Daily jazz blog, Marlbank

Instrumentals album of the week: Nicole McCabe, Mosaic, Ghost Note Records ***1/2

One of the most spirited new saxophonist leaders to chart a certain tradition in transition to emerge from the west coast of the US in recent years no newcomer altoist Nicole McCabe gets the imprimatur of Jeff Parker who produces here and makes a …

Published: 5 Jun 2024. Updated: 43 days.

One of the most spirited new saxophonist leaders to chart a certain tradition in transition to emerge from the west coast of the US in recent years no newcomer altoist Nicole McCabe gets the imprimatur of Jeff Parker who produces here and makes a difference taking what she does to new heights.

Essentially a bebopper whose compositional sense keeps things modernistic in feel if not always outcome - rather than sticking to trying to re-create the 1940s - has strong support from pianist Julius Rodriguez on opener 'Walking Statue' while the bass role of her Dolphin Hyperspace playing partner Logan Kane is significant on the balladic feel of 'Tight Grip'.

Tortoise legend Parker himself pops up on the same track and there are spots elsewhere from trombonist Jon Hatamiya and trumpeter Aaron Janik while the drummer so propulsive throughout is Tim Angulo. Even better than 2022 release Landscapes and just as refreshing as Live at Jamboree.

Tags: Reviews

Kiss Me, Kate dir. Bartlett Sher, Barbican Theatre ****

First night review: So can Ted Hastings from Line of Duty sing? That's an easy yes - and even a wee donkey gets a look in. Cole Porter's 1948 musical Kiss Me, Kate with a book by Bella and Samuel Spewack - an exceptionally witty play-within-a-play …

Published: 5 Jun 2024. Updated: 44 days.

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First night review:

So can Ted Hastings from Line of Duty sing? That's an easy yes - and even a wee donkey gets a look in. Cole Porter's 1948 musical Kiss Me, Kate with a book by Bella and Samuel Spewack - an exceptionally witty play-within-a-play show full of jazz-inspired mayhem about a divorced couple, Fred Graham and Lilli Vanessi, who are reunited to star in a musical version of The Taming of the Shrew - at the Barbican theatre in this new Bartlett Sher production finds Adrian Dunbar in his first musical theatre role with co-star fabulous Broadway actress Stephanie J. Block making her London stage debut. Dr Who Peter Davison pops up as Lilli Vanessi's mysterious would-be Washington suitor General Harrison Howell.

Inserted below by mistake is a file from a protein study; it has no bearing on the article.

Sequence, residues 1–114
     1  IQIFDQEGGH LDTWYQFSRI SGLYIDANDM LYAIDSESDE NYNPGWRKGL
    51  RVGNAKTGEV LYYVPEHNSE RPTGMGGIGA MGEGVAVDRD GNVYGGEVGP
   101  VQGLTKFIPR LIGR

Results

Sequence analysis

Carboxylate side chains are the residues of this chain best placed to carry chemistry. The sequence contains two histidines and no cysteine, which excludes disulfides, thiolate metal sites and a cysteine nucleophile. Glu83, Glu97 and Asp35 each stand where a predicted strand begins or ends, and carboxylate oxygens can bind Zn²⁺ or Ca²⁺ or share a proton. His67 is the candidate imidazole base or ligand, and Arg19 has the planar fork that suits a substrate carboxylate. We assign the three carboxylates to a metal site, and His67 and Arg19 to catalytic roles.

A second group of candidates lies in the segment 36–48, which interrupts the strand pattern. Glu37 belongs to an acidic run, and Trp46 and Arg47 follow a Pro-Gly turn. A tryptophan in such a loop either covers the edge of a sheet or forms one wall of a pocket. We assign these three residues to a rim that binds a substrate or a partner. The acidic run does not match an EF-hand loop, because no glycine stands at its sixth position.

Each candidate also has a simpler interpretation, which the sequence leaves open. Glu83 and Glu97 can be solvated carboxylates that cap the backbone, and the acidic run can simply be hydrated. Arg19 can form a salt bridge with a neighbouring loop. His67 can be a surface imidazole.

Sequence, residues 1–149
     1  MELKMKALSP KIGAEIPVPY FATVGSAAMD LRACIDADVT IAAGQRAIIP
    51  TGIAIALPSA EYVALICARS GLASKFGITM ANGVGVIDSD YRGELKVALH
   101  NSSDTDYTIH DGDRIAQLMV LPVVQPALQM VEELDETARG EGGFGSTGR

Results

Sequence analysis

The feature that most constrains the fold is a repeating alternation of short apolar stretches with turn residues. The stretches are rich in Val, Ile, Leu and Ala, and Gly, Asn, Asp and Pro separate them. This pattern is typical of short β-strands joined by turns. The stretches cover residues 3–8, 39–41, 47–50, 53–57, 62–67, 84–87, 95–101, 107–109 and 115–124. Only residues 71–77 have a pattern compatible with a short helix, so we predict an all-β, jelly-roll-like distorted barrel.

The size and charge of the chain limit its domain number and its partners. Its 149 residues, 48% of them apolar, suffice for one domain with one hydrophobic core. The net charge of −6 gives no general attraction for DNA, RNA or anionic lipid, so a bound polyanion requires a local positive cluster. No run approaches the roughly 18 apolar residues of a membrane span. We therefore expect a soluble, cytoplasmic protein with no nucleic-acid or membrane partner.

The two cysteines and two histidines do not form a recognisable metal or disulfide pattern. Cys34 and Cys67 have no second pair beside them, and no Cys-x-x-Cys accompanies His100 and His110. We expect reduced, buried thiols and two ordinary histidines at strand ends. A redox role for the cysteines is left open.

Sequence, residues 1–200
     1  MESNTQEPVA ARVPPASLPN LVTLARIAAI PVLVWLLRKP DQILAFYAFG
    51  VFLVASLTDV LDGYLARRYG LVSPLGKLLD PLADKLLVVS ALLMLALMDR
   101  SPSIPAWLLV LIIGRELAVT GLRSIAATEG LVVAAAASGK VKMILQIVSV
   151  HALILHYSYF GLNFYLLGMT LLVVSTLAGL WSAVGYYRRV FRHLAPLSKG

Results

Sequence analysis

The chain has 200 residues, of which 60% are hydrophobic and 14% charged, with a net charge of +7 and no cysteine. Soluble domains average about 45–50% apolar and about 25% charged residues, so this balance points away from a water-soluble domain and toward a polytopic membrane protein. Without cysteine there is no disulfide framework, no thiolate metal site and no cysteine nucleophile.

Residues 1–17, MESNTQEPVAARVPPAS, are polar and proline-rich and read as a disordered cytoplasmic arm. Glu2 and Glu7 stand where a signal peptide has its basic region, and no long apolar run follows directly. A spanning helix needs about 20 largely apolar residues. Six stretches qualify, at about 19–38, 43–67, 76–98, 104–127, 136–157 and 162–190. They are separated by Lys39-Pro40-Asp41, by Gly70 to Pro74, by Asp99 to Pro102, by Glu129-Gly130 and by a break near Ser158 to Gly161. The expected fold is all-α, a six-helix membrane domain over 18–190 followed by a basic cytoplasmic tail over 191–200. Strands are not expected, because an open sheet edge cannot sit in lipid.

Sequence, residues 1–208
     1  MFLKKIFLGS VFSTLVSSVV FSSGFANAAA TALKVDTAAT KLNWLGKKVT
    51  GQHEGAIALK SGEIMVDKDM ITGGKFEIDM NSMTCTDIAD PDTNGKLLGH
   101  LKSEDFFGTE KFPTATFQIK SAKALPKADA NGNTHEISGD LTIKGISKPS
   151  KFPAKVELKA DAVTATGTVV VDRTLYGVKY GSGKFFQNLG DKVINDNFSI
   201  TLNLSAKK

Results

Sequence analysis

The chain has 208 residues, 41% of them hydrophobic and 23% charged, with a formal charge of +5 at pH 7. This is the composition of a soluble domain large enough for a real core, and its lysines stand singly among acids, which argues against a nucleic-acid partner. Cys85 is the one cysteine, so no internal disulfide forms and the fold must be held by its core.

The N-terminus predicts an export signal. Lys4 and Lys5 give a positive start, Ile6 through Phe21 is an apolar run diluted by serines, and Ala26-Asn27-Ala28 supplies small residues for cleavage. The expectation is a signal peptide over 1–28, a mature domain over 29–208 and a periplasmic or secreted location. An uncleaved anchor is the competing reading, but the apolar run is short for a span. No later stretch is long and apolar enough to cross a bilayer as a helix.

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Block packs a punch

The ensemble dancing is terrific - choreographed by Anthony Van Laast while music direction is by Stephen Ridley with pit orchestra members including jazzers trumpeter John Barclay and drummer Dom Sales who also runs Jellymould Jazz (issuing The Soundless Dark last year). There's an on-stage jazz sax player cameo as well.

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Dunbar adds a certain fun haplessness to the role, particularly Fred's Shakespearian alter ego Petruchio. Block is fantastic especially on 'I Hate Men' getting the audience to sing back to her as Lilli/Kate packs a punch both literally and metaphorically. Georgina Onuorah (Angelica Schuyler in Hamilton) as Lois Lane/Bianca is every bit her match with a well gauged nice-'n'-sleazy version of 'Always True to You (In My Fashion).' Taking the first night audience's applause, above

''They'll all kow-tow - Thinkist thou?''

The first night audience loved the gangster double act of Nigel Lindsay and Black Ops' Hammed Animashaun who were funny and natural on 'Brush Up Your Shakespeare.'

Dunbar isn't overawed by all the powerhouse singers the cast provides and is best on the duo with Block on 'Wunderbar' - his first big test - and wily on the far more complicated 'I've Come to Wive it Wealthily in Padua'. The ensemble dancers (and dancing donkey!) instil their routines with a lot of life and polish. 'Too Darn Hot' - ''I'd like to coo with my baby tonight/And pitch the woo with my baby tonight'' - is a blast. The cooing and wooing certainly worked its charms. SG

Adrian Dunbar as Fred Graham/Petruchio and Stephanie J. Block who played Lilli Vanessi/Katharine top in Kiss Me Kate now running at the Barbican until 14 September.